Day Thirteen to Sixteen: Rain in the Ruins

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Day Thirteen to Sixteen: Tuesday 20th August to Friday 23rd August
Location: The University of the Westfjords in Isafjörður, Iceland

Photo: Jim Cathey

The famous Dynjandi waterfall. Photo: Jim Cathey

Following the various courses on Viking Age language, combat techniques and material culture, on Tuesday we, along with the other students, had the chance to attend a public screening of a rather unique movie. “Utlaginn” re-tells the story of Gisli Sursson, an Icelandic Viking living in the Westfjords and who ends up being outlawed (“ut” equals “out” and “laginn” means “law”) in reprisal for a revenge killing.

Poster for the film released in 1981.

Poster for the film released in 1981.

The movie was filmed in the early eighties in Iceland and has since then been praised for its faithful cinematic adaptation of Viking-Age Iceland. Despite being kinda weird at times (because, you know, Nordic cinema right?) it was rather entertaining and condensed the whole story of Gisli quite well, plus it gave those who never had the chance to read thebook, a good occasion to learn more about what the Westfjords were like a thousand years ago. (For those who don’t want to watch the whole movie, the answer is: dangerous, bloody and violent). See a clip from the film

The next day (that is to say, Wednesday) we had, instead of afternoon classes, the chance to actually go visit some of the places mentioned in the Saga. We were taken by bus to the valley of Haukadal where Gisli and his family lived. There, we got to experience a one man show by a local actor billed as “the only actor in the Westfjords” (is that a good or a bad thing?). The show was quite entertaining, dynamic, and strangely funny (because, you know, Nordic humor right?).

In Iceland it is known for raining side-ways, we experienced this during the excursion on Wednesday. Photo: Jim Cathey

Horizontal rain is common in Iceland, we experienced this during the excursion on Wednesday. Photo: Jim Cathey

Afterwards (for me at least, as Linnea was in the group that did things the other way around) we got the chance to visit the actual places mentioned in the saga. We stood by the river where Gisli’s family boat arrived, reached the remains of his turf house in Holt and passed by the site where he played a kind of ball game.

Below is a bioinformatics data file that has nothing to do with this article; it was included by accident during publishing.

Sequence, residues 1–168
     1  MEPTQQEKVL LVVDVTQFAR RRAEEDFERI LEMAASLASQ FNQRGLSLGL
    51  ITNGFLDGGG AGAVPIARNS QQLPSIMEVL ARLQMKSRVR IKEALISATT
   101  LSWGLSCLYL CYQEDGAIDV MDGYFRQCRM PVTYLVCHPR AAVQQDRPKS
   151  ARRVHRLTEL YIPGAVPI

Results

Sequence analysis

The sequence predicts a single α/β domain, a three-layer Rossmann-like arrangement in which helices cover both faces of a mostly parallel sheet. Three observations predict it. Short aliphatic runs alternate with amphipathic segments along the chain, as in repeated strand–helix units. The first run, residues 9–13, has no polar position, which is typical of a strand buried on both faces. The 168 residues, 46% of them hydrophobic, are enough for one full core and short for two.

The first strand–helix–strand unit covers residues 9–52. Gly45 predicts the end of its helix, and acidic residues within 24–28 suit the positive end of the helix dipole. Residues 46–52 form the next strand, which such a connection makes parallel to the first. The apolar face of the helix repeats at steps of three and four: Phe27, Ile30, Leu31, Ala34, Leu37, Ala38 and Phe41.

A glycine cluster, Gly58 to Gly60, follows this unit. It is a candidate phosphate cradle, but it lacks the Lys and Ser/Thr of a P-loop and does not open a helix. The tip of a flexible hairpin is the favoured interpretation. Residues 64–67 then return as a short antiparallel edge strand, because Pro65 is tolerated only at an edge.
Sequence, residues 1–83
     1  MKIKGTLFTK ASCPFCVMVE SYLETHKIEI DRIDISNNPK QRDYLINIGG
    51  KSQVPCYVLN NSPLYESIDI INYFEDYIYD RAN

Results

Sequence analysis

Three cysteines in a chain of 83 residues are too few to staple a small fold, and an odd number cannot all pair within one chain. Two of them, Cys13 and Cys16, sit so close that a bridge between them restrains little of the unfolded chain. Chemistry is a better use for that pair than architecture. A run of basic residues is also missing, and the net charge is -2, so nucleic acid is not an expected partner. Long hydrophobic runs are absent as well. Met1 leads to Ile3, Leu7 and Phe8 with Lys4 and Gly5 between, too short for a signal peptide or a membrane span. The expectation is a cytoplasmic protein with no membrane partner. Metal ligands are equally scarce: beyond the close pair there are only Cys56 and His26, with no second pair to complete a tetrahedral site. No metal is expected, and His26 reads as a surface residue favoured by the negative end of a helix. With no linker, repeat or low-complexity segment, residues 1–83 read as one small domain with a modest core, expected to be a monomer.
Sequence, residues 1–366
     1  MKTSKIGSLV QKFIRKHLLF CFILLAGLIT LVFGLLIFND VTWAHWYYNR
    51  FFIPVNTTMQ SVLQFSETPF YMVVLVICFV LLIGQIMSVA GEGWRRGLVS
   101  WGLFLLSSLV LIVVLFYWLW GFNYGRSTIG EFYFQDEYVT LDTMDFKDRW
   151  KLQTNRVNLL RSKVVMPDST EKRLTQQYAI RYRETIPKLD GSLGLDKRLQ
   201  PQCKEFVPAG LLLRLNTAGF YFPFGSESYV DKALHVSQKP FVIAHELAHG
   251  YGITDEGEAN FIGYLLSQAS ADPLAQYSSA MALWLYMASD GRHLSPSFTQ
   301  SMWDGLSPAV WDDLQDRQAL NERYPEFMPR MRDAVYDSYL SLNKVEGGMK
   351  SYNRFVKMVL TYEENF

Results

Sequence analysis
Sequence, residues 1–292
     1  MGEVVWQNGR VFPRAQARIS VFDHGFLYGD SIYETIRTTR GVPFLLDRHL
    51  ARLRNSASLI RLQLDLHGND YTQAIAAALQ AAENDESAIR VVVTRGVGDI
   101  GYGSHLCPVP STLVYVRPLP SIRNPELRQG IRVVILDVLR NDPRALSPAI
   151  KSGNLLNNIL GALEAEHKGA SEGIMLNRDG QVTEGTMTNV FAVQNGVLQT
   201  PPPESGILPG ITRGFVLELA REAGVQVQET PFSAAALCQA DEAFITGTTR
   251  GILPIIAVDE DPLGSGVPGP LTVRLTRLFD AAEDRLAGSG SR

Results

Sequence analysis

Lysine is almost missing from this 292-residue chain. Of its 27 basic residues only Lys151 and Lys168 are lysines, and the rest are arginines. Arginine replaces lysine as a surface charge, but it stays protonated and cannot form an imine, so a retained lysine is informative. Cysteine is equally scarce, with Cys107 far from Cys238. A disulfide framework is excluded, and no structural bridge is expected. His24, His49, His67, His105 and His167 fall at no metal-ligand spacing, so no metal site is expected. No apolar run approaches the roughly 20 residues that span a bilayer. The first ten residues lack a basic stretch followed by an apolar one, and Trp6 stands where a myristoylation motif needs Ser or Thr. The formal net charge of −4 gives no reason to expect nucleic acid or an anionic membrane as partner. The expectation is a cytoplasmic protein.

This would have been perfect if it hadn’t been for the incapacitating rainstorm that awaited us (because, you know, Nordic weather, right?). Still, it was quite interesting to visit those places, but I have to admit that my frozen limbs maybe enjoyed the stop we made a little bit later at the Thingeyri café a tiny tiny tad.

Two days later, on Friday, I was sent on yet another expedition, this time to Geirþjófsfjord (pronounced more or less like “Gay-Jos-Fjord”) where, together with the other students from the Gisla Saga course, we hiked for a couple of hours in order to reach Gisli’s famed hiding place.

I have to admit that I was a bit afraid that the weather would turn out as bad as on Wednesday and that we would end up drenched.

My fears were, thankfully, groundless and the trip we had was amazing.

We were led by a local guide/Viking re-enactor Þórir Örn and had the opportunity to enjoy an incredibly beautiful landscape. Basically, throughout this four hour hike, I felt like I was back in Norway, going down the Tromsdalstind. The landscape was in places so similar, that it almost felt odd at times.

Photo: Jim Cathey

An information board about the Gisla Saga and the areas we visited. Photo: Jim Cathey

Still there were differences, strong waterfalls being the biggest ones. We had no problem crossing the tiniest streams (sometimes with the help of rocks) but on two occasions we had no choice but to remove our shoes/boots/ballerinas/heels and walk through the river. The water was then, unsurprisingly cold and the current, surprisingly strong. Still, it felt good afterwards to run up a rocky hill barefoot and let one’s feet dry in the cold Icelandic wind.

Plus the waterfalls looked awesome.

In our trip, we visited three places, the house of Gisli’s wife Auður Vésteinsdóttir, where Gisli hid at times and from where he received most of his food, Gisli’s main hide-out; basically a hole in the ground in between three berry bushes; and Gisli’s second hide-out, not far from the waterfall. Sadly, we couldn’t reach Hammar, the rocky hilltop where he was gutted alive by his enemies’ spear before violently butchering seven of them.

Still, the trip was awesome, and Gisli’s first hide-out was ripe with an otherworldly amount of blueberries (quite practical when you’re on the run I guess).

Archeological dig in ... Photo: Jim Cathey

Archaeological dig of potential Viking wall. Photo: Jim Cathey

On the way back William pointed out some farms and other points of interest related to the Saga of Gisli and we also visited the Jon Sigurdsson museum, a museum dedicated to Icelandic Autonomy’s most prominent figure back when the island was still a Danish colony. There we also met a local Archaeologist Margrét Hrönn Hamundsdóttir who showed us new digs of what might potentially be a Viking or Medieval Age defensive wall and had a delicious warm meal at the Thingeyri café.

All in all, the Saga part of the program was simply excellent and I would totally recommend anyone interested in Viking-Age stuff to take part in their next course (in a year basically), the range of events they offer, coupled with an engaging way to get acquainted with Old Norse, make the whole thing a unique form of holiday. It’s also very decent price-wise and the people are nice. Go there I tell you!

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